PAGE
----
Vaccines for Adults

Written by Amy Boulanger | Published on November 6, 2014
Medically Reviewed by Brenda B. Spriggs, MD, MPH, MBA on November 6, 2014

Adult Vaccination Schedule

Vaccinations aren’t just for children. Adults also need protection against diseases.

There are several reasons people may need to be vaccinated against a disease as an adult:

  • They weren’t vaccinated as a child.
  • The childhood vaccine may have worn off.
  • The vaccine isn’t needed until later in life.
  • The vaccine changes on a regular basis.

All adults should talk to their doctors about vaccinations. At minimum, almost everyone needs a flu vaccine once a year.

Influenza (Flu)

Different strains of flu affect people every year. That’s one reason you need to get a flu vaccine annually. Each year, the vaccine is designed to protect against the types of influenza virus expected to be most common.

Getting a flu shot helps keep you healthy during the winter flu season. The flu season can start as early as September. It can last through May.

Tetanus

Tdap is a vaccine that protects against:

  • tetanus
  • diphtheria
  • pertussis

Most people are vaccinated against these diseases in childhood. However, the protection can wear off. Therefore, teens usually get one dose of Tdap between the ages of 11 and 18. A second Tdap should then be given between ages 19 and 64. After that, a Td booster shot should be given every 10 years.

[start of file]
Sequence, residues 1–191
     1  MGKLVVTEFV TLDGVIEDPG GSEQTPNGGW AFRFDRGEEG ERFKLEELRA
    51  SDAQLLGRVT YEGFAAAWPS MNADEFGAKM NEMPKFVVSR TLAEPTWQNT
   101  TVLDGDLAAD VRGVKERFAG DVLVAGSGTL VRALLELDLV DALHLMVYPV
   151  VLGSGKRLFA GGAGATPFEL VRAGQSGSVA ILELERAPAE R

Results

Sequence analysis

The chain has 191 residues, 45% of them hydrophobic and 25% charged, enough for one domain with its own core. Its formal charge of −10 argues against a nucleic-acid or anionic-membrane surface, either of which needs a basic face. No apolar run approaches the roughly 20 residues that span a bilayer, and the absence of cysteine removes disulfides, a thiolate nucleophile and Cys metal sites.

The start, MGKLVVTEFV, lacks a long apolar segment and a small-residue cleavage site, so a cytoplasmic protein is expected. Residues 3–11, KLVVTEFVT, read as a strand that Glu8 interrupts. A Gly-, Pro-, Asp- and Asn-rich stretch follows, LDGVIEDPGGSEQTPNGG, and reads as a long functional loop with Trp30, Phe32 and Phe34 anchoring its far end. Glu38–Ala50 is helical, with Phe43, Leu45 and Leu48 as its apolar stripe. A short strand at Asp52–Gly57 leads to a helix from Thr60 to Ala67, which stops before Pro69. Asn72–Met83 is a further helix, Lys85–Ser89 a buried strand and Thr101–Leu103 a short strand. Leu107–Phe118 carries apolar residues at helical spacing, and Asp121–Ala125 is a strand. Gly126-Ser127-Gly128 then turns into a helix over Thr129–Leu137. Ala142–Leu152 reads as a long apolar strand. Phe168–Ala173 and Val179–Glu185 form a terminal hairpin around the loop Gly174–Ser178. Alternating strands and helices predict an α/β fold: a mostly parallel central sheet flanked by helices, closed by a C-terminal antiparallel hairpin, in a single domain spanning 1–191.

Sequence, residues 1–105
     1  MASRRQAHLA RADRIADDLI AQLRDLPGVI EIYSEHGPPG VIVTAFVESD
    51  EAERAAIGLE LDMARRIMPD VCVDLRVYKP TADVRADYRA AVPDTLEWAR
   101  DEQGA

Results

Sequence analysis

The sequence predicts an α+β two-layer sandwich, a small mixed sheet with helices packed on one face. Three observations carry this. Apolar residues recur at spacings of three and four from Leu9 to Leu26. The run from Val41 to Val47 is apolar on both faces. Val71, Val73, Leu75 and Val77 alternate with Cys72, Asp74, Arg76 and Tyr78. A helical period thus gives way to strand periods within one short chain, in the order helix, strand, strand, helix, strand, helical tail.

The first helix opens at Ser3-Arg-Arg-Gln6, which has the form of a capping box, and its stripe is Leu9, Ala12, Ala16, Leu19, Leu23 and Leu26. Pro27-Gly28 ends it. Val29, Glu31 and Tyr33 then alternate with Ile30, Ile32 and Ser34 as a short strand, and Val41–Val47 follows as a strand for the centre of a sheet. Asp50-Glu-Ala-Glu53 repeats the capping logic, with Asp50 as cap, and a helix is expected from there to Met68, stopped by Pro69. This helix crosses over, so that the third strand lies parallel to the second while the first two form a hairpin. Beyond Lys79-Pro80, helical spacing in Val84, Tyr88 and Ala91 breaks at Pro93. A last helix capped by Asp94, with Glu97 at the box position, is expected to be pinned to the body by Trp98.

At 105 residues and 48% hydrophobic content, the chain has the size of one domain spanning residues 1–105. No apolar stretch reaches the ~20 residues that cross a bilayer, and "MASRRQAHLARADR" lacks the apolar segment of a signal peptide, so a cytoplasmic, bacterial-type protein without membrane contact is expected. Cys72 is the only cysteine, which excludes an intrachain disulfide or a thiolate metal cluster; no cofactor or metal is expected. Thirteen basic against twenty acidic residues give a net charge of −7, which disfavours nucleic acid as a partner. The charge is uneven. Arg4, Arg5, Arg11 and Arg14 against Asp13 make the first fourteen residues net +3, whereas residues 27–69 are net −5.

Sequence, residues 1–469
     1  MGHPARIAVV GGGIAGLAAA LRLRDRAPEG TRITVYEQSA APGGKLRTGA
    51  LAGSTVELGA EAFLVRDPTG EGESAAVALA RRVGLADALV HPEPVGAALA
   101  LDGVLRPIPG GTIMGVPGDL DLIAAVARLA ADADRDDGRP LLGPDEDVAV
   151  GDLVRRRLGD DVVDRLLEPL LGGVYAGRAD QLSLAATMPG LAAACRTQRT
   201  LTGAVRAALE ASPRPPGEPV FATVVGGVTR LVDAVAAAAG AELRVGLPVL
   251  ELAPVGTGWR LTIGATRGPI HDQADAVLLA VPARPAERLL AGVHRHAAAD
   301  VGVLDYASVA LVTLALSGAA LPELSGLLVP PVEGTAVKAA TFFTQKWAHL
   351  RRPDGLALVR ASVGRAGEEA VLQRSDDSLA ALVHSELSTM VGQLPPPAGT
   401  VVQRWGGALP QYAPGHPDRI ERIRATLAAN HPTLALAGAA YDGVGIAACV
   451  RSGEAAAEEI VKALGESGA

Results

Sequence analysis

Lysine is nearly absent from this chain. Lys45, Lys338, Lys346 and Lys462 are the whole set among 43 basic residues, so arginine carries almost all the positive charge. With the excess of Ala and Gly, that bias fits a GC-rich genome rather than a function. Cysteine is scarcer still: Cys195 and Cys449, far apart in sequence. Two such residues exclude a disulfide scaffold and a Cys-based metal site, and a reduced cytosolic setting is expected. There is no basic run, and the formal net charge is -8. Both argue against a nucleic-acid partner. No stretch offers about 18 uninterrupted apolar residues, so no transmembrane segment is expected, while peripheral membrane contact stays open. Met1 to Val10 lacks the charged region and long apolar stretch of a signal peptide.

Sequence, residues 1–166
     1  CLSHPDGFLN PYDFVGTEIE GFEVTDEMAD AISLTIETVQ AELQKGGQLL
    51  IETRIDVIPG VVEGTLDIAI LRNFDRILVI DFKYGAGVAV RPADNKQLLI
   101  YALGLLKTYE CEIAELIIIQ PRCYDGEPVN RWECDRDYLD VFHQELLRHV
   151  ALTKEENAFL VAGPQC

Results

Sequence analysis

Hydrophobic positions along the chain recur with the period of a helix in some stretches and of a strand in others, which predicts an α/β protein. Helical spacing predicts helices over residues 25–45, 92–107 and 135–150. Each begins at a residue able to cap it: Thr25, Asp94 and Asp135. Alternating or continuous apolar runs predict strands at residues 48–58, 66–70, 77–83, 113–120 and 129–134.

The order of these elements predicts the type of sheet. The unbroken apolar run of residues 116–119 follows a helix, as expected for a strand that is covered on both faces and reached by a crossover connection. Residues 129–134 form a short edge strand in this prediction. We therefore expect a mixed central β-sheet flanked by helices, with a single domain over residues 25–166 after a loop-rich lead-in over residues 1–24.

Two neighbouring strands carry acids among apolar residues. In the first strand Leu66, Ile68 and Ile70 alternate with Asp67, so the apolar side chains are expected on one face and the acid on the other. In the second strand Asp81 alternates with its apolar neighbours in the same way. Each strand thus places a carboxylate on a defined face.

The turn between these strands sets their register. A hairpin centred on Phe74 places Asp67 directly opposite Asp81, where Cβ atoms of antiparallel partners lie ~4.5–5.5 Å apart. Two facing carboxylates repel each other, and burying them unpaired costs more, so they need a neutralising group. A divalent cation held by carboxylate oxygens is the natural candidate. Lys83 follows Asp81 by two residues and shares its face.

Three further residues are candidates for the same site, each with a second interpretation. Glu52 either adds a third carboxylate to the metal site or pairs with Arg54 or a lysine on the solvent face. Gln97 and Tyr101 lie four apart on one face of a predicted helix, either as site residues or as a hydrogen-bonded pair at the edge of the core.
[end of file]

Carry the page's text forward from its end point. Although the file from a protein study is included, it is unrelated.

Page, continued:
You may also need a booster if there is a risk you have been exposed to tetanus.

Varicella (Chickenpox)

If you never had chickenpox as a child, you may want to get the varicella vaccine. Chickenpox can be a serious illness in adults.

The varicella vaccine is given in two doses. Talk to your doctor about whether it’s a good choice for you.

MMR (Measles, Mumps, Rubella)

If you were born in 1957 or later, you need at least one dose of this vaccine. However, most people born in the United States are given the MMR vaccine as children.

Consult with your doctor to determine if you need to get an adult MMR.

Pneumococcal

All adults over age 65 should get one dose of the pneumococcal vaccine. This vaccine protects against infections caused by Streptococcus pneumoniae.

This vaccine is also recommended for certain other groups of adults, including people with:

  • long-term health problems
  • compromised immune systems
  • asthma
  • a history of smoking

High-risk individuals should get one or two doses of the vaccine. It can be given any time after age 2.

Hepatitis Vaccines

Vaccines are available to protect people against hepatitis A and hepatitis B. These vaccines are generally offered to adults at high risk of infection. The hepatitis B vaccine is given in three doses over six months. The hepatitis A vaccine is given in two doses over six to 18 months.

Individuals can also choose to be vaccinated for hepatitis. The vaccines are very safe. They are currently recommended as standard childhood vaccinations. However, many adults have never received them.

Herpes Zoster (Shingles)

According to the Centers for Disease Control and Prevention (CDC), one in every three Americans will develop shingles. Shingles is caused by a reemergence of the virus that causes chickenpox (varicella zoster virus).

The onetime shingles vaccine is recommended for adults over age 60. You should get the vaccine even if you had chickenpox as a child.

Certain individuals are more at risk for developing shingles. In particular, the disease often affects people with compromised immune systems. This includes people with cancer or HIV. Shingles is also more likely to affect those using steroids or immunosuppressants.

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